If you teach reading with comprehension you are helping students for the rest of their lives. From understanding simple stories to reading instructional manuals and recipes to deciphering the meaning of signs around them, they will be practicing this skill. There are several strategies that are helpful to keep in mind when we teach reading with comprehension to our students.
Using Right Level Books to Teach Reading with Comprehension
I think one of the keys to teaching reading with comprehension is students need to read at the right level. This is where leveled reading books really come in handy. It does take a while to figure out student reading levels but in the past, I’ve used running records. Here is a PDF with some to use for yourself! It doesn’t take long to complete the tests especially if you have an idea of where the reader is at.
By completing the running record or other reading assessment you will figure out the student’s instructional level. Just like with any skill you don’t want to start where it is too hard for the student. Without getting into this more in-depth (it could be a whole other blog post) here’s a chart to help with understanding where the student is at.
So when is a good time to do these reading assessments to level students? I like to do these while my students are doing independent work or center time. When doing the reading assessment during independent work periods, I remind students that they are only to come to me if they have asked three friends already for help and no one is able to offer help. This will help to minimize disruptions. I sometimes even do reading assessments during snack time. Whatever works for you and your classroom routine. There isn’t really a right or wrong answer.
Utilizing Visuals to Support Understanding
Secondly, visuals are key when introducing reading comprehension. Decoding some words can be tricky, but when they are accompanied by visuals, our students are able to make connections to things they have seen in their own lives. These connections are a building block of comprehension. Traditionally, we teach students to look at the picture in the book to help with understanding.
Also, finding topics that are areas of interest is important when practicing comprehension. Would your students rather read about traveling the world or sports? Some groups might prefer sports and some prefer to travel. I find that animals are always an area of interest for students. They love making connections and learning fun facts about them.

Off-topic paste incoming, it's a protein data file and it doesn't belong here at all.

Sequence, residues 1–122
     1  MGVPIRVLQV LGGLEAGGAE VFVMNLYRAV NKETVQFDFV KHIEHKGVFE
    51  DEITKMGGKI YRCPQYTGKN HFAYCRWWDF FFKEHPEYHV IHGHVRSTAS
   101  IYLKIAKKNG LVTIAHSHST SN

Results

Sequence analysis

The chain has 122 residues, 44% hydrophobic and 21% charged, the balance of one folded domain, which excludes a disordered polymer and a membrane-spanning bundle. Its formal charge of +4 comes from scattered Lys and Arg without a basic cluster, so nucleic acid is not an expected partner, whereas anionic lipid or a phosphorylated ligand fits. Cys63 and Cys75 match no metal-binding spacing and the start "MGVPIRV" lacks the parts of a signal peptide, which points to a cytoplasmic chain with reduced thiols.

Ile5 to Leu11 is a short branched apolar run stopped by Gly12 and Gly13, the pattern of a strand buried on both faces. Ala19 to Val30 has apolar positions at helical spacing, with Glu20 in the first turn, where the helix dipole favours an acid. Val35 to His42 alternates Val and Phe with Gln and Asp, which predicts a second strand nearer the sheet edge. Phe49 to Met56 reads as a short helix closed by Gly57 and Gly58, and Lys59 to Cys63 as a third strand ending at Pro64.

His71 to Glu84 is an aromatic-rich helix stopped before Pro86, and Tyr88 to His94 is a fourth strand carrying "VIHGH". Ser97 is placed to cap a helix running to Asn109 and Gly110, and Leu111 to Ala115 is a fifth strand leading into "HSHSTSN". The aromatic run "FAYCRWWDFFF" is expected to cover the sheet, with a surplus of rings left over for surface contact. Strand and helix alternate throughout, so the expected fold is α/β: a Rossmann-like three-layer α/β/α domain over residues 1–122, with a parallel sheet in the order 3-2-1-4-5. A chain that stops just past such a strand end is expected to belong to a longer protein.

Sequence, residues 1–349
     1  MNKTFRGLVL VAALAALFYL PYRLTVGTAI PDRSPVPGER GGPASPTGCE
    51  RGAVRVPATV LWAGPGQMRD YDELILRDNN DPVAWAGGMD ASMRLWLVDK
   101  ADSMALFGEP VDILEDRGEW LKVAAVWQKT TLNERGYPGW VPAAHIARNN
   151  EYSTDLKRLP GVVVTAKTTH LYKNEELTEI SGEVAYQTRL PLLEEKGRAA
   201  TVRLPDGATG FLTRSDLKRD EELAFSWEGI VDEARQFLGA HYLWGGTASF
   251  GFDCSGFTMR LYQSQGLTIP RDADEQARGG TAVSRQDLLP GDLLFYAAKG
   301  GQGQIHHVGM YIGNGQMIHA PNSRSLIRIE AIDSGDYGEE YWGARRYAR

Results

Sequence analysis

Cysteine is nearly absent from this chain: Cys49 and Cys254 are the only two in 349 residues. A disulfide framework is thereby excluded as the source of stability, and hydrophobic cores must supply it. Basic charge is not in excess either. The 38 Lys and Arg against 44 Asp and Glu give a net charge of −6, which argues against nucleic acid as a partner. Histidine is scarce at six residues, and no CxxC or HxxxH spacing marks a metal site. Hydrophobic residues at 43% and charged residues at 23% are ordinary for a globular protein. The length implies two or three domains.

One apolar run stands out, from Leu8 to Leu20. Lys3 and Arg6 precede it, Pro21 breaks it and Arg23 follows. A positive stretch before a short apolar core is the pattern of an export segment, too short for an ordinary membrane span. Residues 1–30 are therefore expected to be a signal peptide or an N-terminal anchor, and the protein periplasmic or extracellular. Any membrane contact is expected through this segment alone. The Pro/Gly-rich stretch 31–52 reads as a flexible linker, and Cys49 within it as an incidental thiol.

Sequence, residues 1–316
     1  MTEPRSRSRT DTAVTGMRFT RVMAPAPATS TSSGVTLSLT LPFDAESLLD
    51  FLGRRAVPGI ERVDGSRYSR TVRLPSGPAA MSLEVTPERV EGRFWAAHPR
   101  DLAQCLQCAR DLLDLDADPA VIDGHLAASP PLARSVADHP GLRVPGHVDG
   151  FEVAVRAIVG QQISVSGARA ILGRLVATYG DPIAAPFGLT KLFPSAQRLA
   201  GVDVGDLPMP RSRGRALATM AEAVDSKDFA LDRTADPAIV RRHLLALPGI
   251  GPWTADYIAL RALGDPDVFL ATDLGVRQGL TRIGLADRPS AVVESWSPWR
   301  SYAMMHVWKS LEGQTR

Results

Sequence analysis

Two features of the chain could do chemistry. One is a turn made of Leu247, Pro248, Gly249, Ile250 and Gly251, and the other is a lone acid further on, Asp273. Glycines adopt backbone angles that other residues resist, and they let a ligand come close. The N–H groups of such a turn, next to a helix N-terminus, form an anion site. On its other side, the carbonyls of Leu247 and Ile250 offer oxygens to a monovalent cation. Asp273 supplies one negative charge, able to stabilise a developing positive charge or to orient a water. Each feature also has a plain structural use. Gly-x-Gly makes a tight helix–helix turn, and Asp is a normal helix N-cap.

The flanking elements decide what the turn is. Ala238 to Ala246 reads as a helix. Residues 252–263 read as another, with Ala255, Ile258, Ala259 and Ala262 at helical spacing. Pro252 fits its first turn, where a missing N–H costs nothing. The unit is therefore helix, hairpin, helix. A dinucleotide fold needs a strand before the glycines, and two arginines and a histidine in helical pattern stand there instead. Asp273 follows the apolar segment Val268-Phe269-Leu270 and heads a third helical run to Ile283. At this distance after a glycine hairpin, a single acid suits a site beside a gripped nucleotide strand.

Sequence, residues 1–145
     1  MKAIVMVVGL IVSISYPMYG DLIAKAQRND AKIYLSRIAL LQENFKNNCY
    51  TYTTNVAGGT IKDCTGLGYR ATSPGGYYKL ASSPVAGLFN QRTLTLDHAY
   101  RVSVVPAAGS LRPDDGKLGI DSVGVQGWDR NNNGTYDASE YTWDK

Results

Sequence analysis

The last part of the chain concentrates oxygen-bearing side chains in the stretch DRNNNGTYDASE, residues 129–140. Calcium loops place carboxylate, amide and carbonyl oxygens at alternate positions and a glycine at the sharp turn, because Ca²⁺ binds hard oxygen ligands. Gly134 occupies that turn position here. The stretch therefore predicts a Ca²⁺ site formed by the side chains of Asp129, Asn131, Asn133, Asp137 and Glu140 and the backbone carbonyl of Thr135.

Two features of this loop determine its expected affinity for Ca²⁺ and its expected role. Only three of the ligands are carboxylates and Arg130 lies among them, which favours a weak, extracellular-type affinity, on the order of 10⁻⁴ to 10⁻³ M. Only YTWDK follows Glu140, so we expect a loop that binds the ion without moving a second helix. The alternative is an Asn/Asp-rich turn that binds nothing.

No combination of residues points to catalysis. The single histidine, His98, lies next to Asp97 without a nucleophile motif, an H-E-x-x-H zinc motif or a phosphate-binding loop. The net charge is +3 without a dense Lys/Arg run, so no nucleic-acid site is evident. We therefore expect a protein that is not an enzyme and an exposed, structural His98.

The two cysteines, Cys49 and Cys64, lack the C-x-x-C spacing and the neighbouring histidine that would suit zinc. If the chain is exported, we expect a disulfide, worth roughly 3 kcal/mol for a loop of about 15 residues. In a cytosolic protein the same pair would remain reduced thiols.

Grocery Store Reading Comprehension with Visuals for Special Education$3.00
Product on saleReading Comprehension with Visuals for Special Education Bundle$120.00
Product on saleSports Reading Comprehension with Visuals for Special Education$12.00
Cars Reading Comprehension with Visuals for Special Education$3.00
Here’s a free set of my reading comprehension materials all about dinosaurs! I know many of my students love dinosaurs so this was the perfect way to tie both of those concepts together!
Check out my reading comprehension materials that include extra visual support. Here are some that focus on animals specifically. If you want to learn more about these materials read this blog!
Asking Simple Questions to Teach Reading with Comprehension
Additionally, when you are teaching reading with comprehension, answering questions is such an important skill. However, we need to think about the questions we ask. If you have a student who isn’t ready to read and answer the questions but still needs practice you may want to try these leveled materials that have an errorless option as well!
Moreover, don’t start with questions like “Why do you think the characters in this story _________?” Start with a question like “What did the characters do when ______?” Or even simpler, “Who are the characters?” These questions still check for comprehension of what is happening in the story but, they are simpler and more concrete for the student to answer.
In conclusion, reading comprehension is a skill that needs to be worked on regularly. Students need to practice the skill in many different ways and then generalizing that skill to real-life situations is even better! Do you have any favorite ways to teach comprehension?